While loan consolidation can sometimes dramatically lower a borrower's monthly payments, Kevin Walker, co-founder of the college finance site Simple Tuition.com, says it can also cost you."The downside of getting a lower monthly payment is that you're going to subject yourself to substantially more interest charges over the life of the loan," he says.
The silver lining is that all federal consolidation loans and some private ones don't have prepayment penalties. " Bankrate's community sharing policy Bankrate wants to hear from you and encourages thoughtful and constructive comments.
Once the application is submitted, the federal government estimates that it takes 60 to 90 days to officially complete the consolidation process.
Consolidating private loans works in a similar fashion, as far as paperwork goes.
"That creates tremendous flexibility, especially for families applying for loans for multiple kids."Students consolidating federal loans can do so through the Department of Education's website at Loan gov, by phone at (800) 557-7392 or by downloading a paper application at Loan gov/borrower/and mailing it in.
Almost all types of federal loans can be consolidated.
Betsy Mayotte, director of regulatory compliance for the student debt assistance group, American Student Assistance, makes sure to tell borrowers to stay away from consolidation loans that combine federal and private loans.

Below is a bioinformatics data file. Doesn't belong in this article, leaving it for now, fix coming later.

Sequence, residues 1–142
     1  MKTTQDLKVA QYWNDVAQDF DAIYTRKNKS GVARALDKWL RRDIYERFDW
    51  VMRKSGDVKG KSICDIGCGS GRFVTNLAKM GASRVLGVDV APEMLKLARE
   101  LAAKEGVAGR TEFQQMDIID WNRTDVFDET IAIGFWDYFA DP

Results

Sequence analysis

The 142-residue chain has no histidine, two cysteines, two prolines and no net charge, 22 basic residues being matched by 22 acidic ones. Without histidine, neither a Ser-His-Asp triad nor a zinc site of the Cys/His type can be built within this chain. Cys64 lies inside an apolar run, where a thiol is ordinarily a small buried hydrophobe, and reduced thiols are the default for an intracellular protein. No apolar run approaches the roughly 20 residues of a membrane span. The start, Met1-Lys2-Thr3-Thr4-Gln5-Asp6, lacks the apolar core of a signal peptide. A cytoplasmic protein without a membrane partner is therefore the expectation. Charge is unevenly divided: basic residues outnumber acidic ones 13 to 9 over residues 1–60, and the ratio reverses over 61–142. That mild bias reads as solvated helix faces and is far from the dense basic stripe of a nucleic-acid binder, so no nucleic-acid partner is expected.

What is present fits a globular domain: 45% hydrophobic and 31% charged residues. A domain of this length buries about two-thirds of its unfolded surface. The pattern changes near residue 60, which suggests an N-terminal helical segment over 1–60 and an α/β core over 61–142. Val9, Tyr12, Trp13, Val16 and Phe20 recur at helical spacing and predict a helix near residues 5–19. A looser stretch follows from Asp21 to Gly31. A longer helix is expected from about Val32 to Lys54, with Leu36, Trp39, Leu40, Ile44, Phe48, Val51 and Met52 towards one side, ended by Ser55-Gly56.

Consolidating both types of loans excludes borrowers from federal protections.Should borrowers pay off their loans early, they can save hundreds, sometimes thousands, in interest charges."Would it be nice to have just one loan where you make that one loan payment every month? We ask that you stay focused on the story topic, respect other people's opinions, and avoid profanity, offensive statements, illegal contents and advertisement posts. Bankrate reserves the right (but is not obligated) to edit or delete your comments.Please avoid posting private or confidential information, and also keep in mind that anything you post may be disclosed, published, transmitted or reused.Instead of making multiple payments to multiple lenders, the borrower only has to pay off the new consolidation loan, says Michelle Pezzulli, vice president of operations for Credit Union Student Choice, a student lending service provider in Washington, D.C."That new loan will have its own interest rate; it will have its own repayment terms; it will have its own terms and conditions," she says.Regardless of how the market fluctuates, borrowers will never pay more than 8.25 percent on their consolidation loans.